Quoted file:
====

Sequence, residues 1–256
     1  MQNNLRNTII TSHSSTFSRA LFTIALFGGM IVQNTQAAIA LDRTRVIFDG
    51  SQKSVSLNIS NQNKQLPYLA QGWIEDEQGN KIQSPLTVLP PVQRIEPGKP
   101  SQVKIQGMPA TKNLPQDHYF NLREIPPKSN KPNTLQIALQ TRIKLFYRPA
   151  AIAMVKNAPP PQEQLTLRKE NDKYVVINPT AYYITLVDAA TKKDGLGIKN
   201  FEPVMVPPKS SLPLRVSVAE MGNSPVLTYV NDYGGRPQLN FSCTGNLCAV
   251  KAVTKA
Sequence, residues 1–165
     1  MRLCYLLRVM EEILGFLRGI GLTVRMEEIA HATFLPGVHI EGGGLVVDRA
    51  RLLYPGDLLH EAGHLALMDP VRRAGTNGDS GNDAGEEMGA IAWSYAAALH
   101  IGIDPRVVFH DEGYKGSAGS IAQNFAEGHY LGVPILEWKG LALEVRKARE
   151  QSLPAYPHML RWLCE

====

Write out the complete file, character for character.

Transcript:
Sequence, residues 1–256
     1  MQNNLRNTII TSHSSTFSRA LFTIALFGGM IVQNTQAAIA LDRTRVIFDG
    51  SQKSVSLNIS NQNKQLPYLA QGWIEDEQGN KIQSPLTVLP PVQRIEPGKP
   101  SQVKIQGMPA TKNLPQDHYF NLREIPPKSN KPNTLQIALQ TRIKLFYRPA
   151  AIAMVKNAPP PQEQLTLRKE NDKYVVINPT AYYITLVDAA TKKDGLGIKN
   201  FEPVMVPPKS SLPLRVSVAE MGNSPVLTYV NDYGGRPQLN FSCTGNLCAV
   251  KAVTKA
Sequence, residues 1–165
     1  MRLCYLLRVM EEILGFLRGI GLTVRMEEIA HATFLPGVHI EGGGLVVDRA
    51  RLLYPGDLLH EAGHLALMDP VRRAGTNGDS GNDAGEEMGA IAWSYAAALH
   101  IGIDPRVVFH DEGYKGSAGS IAQNFAEGHY LGVPILEWKG LALEVRKARE
   151  QSLPAYPHML RWLCE